“Why is somebody who lives in the suburbs, who has never met anybody who has been discriminated against, why are they more fair than a Black teacher who has seen things that MPD has done and still says he’s gonna do his very best to set that aside because he understands the specific issues in this case. Why is it fair that juror 76 got removed?”

Gordon struggled with the court’s goal of a fair and impartial juror, defined as someone who is lacking in a strong opinion about something that pertains to the case.

He cannot think of an argument for why the court would “end up picking a jury of individuals who, for some reason, haven’t really sat down to grapple with some of the major concerns of modern America.”

What lies ahead and what to look out for

In a historic move for a Minnesota court, Judge Peter Cahill is allowing the trial to be livestreamed across the world.

“It’s not often that anyone sees jury selection,” Moriarty said. “Some of the issues that have come up during jury selection have given the public great insight into some of the issues [lawyers] see every day.”

She said that because of the controversial nature of the cause of Floyd’s death, the medical examiner’s testimony is going to be “critical.”

“The defense is apparently going to argue that George Floyd died because of his heart, the ingestion of drugs and the fact that he was struggling against the police,” Moriarty said. “Yet, the medical examiners are going to testify that that was not the case.”

She also said that Minneapolis Police Department policies, whether or not Chauvin was following them, will play a key role in justifying for or against Chauvin’s conduct in the encounter with Floyd.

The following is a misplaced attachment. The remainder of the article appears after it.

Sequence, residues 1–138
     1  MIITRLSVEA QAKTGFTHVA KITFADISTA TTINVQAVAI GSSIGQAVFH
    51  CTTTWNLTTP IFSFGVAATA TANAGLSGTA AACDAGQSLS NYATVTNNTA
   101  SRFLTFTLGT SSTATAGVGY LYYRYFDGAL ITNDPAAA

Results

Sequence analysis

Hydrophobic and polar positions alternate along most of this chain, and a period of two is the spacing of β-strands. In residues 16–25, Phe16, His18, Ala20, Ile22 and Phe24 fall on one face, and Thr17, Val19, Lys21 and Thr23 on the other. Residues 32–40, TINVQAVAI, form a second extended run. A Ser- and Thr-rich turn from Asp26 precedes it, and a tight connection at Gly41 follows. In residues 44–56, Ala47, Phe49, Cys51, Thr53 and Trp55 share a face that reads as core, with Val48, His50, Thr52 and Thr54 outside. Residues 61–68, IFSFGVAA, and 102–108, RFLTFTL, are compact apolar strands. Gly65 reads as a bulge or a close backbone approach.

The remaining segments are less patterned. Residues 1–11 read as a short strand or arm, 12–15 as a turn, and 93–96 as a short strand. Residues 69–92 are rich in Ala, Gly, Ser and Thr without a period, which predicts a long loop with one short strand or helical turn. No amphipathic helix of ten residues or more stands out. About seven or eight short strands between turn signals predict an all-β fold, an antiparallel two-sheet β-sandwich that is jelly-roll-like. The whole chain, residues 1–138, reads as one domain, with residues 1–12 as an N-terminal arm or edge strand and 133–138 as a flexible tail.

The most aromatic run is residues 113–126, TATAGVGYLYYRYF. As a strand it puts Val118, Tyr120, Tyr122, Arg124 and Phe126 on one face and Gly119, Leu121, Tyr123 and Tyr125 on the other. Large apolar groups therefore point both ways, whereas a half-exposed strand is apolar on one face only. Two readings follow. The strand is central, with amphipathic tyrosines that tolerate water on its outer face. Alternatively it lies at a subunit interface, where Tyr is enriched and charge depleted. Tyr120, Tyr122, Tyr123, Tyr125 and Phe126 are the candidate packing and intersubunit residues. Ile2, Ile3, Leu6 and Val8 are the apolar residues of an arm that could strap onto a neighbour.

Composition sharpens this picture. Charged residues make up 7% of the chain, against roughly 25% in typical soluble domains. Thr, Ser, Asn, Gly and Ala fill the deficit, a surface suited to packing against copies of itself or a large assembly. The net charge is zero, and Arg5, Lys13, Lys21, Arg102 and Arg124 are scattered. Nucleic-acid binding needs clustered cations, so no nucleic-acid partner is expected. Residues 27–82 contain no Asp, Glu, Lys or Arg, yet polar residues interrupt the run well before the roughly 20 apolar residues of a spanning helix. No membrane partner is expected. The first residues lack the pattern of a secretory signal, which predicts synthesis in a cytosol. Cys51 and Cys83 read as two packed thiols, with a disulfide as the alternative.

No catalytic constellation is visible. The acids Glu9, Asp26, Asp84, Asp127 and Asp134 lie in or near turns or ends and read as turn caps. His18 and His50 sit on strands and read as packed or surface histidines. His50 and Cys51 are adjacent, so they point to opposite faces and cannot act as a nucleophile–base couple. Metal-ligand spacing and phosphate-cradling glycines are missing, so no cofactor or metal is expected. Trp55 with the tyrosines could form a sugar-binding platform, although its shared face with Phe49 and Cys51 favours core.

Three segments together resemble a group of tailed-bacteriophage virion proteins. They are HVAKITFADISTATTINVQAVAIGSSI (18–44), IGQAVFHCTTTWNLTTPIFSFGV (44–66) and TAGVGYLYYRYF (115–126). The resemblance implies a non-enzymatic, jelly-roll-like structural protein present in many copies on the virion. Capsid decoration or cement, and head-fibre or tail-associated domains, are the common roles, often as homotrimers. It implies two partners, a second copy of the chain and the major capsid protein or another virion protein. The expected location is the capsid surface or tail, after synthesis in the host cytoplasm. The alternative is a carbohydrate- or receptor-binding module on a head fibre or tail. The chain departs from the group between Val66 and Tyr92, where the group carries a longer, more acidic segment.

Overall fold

Moriarty said she anticipates the jury to struggle with the difference between a depraved mind, which could lead to third-degree murder, and culpable negligence, which would fit second-degree manslaughter.

For the depraved mind definition, the jury would have to find that Chauvin was lacking morality and was indifferent to human life. This is different from culpable negligence, which is when one acts recklessly without reason or caution, causing harm to others.

Cahill is aiming to limit expert witnesses’ interpretation of Floyd’s behavior during his May 2019 arrest. He ruled that the testimony of forensic psychiatrist Dr. Sarah Vinson can only be used to help interpret how Floyd died, not his mental state. Gordon said Cahill is attempting to avoid issues that could later be appealed.

“The issue is not whether [Floyd’s struggle with the police] happened before,” Moriarty said. “The issue is, what was the reaction of the police officers who encountered him exhibiting this kind of behavior?”

Gordon said the biggest thing for the public to understand is that the evidence shown to the jury is limited, and what they are shown will determine their deliberation.

“The general person who’s been paying attention, they actually may end up knowing more about what happened on 38th and Chicago that day than the jury,” he said.

Proceedings are expected to resume on Monday 9 a.m., starting with opening statements.

“It’s going to hold a place in history for a long time,” Gordon said. “The nation is watching, and I know Minneapolis is watching, and people have a lot invested in what’s going to happen in that courtroom.”